Film Review: The Walking Deceased

Believe it or not, this witless spoof has even less brainpower than the gray-matter-starved creatures it’s ridiculing.
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In a world where Shaun of the Dead and Zombieland exist, do we really need another zombie-movie satire? Sure... but not when it’s The Walking Deceased, a feature-length parody so deprived of laughs (not to mention brains), it makes Meet the Spartans and Vampires Suck look like Airplane! or Hot Shots. The entirely inauspicious debut of director Scott Dow and screenwriter/star Tim Ogletree, The Walking Deceased actually includes Shaun of the Dead and Zombieland amidst its satirical targets, which only serves to remind viewers how much funnier those two movies are.

As the title suggests, the film’s primary reference point is the popular TV series “The Walking Dead,” which has been gobbling up viewer eyeballs on AMC for five seasons now. The first scene of The Walking Deceased comes directly from the first scene of “The Walking Dead,” with a small-town sheriff (Dave Sheridan) waking up in a hospital room after the zombie apocalypse has already come and gone. Stumbling out into the deserted corridors, he crosses paths with fellow survivors Green Bay (Ogletree) and Chicago (Joe Oglesby), both of whom appear to have stepped right out of Zombieland, right down to Woody Harrelson’s tarp hat that’s sitting atop Chicago’s head.

At first, they go their separate ways—the sheriff off to find his wife and son, and the Zombieland rejects back to the Dawn of the Dead mall where they reconnect with their accomplices. But before you can scream “Aaaarghhh!” they reunite and hit the road to find safe haven. Joining them on this quest is a member of the walking dead, Romeo (Troy Ogletree), who does the Warm Bodies thing of narrating every thought that runs through his slowly rebooting brain.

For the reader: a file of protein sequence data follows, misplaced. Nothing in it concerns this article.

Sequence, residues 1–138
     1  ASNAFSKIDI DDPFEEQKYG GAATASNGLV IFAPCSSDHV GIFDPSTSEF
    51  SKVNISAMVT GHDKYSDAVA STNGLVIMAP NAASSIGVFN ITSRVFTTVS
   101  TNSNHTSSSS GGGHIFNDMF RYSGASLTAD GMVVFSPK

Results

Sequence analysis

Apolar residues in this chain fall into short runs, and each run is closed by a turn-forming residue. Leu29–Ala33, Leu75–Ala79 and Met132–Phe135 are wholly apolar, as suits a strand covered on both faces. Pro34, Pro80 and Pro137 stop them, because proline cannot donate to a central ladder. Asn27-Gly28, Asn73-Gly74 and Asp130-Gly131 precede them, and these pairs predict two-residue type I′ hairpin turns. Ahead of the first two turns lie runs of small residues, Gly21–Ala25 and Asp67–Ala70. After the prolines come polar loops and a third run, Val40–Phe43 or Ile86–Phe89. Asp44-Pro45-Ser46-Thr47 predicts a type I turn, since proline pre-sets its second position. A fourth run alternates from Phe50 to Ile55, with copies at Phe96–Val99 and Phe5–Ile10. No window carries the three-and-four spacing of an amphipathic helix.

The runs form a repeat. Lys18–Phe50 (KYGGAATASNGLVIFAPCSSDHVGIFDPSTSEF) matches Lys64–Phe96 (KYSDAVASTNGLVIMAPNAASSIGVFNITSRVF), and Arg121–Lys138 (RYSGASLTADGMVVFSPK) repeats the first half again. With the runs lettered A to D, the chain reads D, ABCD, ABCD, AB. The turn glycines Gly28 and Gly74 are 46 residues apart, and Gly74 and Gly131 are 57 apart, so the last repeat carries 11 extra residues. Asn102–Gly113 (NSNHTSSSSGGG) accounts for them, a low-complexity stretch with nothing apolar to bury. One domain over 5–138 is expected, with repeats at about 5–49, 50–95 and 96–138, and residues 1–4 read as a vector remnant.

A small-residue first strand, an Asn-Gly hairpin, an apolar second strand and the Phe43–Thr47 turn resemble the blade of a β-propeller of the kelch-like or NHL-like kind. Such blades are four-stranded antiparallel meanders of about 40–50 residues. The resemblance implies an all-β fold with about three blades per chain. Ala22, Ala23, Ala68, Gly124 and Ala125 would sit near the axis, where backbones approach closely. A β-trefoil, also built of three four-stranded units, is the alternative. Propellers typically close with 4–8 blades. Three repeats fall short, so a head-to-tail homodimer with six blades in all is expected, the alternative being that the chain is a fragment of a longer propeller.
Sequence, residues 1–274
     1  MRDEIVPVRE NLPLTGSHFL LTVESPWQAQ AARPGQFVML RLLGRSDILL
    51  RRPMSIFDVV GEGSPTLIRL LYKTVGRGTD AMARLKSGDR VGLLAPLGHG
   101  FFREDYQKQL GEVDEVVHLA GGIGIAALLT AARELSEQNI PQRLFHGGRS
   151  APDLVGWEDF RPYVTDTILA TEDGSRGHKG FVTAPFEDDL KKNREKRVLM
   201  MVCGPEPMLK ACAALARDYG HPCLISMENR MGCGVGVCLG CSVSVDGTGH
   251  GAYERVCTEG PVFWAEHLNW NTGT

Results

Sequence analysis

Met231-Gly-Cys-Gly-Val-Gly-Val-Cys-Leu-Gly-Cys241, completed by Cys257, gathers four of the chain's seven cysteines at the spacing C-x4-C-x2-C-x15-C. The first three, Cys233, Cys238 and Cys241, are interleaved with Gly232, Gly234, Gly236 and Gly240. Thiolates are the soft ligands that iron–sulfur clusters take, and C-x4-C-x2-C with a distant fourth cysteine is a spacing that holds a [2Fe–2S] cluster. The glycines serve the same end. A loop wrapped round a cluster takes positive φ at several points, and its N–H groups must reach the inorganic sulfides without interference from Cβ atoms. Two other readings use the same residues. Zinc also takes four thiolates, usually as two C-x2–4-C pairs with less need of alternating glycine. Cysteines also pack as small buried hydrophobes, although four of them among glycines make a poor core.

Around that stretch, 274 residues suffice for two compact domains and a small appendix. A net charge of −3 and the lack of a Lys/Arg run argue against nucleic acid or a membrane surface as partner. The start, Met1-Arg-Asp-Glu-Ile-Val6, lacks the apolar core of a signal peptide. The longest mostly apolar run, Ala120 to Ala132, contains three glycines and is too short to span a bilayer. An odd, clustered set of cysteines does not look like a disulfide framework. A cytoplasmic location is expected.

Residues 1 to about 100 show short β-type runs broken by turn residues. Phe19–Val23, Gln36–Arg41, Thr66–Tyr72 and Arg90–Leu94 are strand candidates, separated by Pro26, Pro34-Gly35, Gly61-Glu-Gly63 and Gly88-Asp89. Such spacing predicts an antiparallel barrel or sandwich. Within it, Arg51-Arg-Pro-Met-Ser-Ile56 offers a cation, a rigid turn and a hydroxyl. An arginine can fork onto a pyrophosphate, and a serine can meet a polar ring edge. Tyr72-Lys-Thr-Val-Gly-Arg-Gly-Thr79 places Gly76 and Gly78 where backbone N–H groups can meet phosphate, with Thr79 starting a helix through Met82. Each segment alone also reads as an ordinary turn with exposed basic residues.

As in season two of “The Walking Dead,” “safe haven” turns out to be a secluded farm overseen by a kindly older gentleman. Also like season two of “The Walking Dead,” this is the point where the already-plodding Walking Deceased slows to a zombie snail’s pace. (Couldn’t the filmmakers have leapt ahead to the show’s much-improved fourth season and started their spoof from there?) While the blowhard sheriff and his creepy son patrol the grounds, Green Bay makes eyes (and awful rape jokes) at the farmer’s comely daughter (Jacqui Holland), and Romeo—not Romero, as in zombie-movie godfather George A., a terrible joke that’s repeated ad nauseam—cuddles up to rebellious zombie hunter Brooklyn (Sophia Taylor Ali).

Even in its darkest, most despairing moments (or, for that matter, the stolid episodes that had audiences despairing), “The Walking Dead”displays a greater amount of heart and humanity than The Walking Deceased, which regards its objectified female characters with more fear than the zombies and regularly confuses transgressive comedy with ugly comedy. It’s easy to imagine Ogletree and Dow chuckling and patting themselves on the back while planning such “edgy” comic beats as the clueless sheriff shooting a little girl point-blank in the head under the assumption that she’s a zombie. And maybe there’s a way to make that kind of gag play. The filmmakers don’t find it, however, instead staging the scene with the same clumsiness that’s on display throughout the rest of their blatantly low-budget movie. No chance of reanimation here—The Walking Deceased is a total stiff.    

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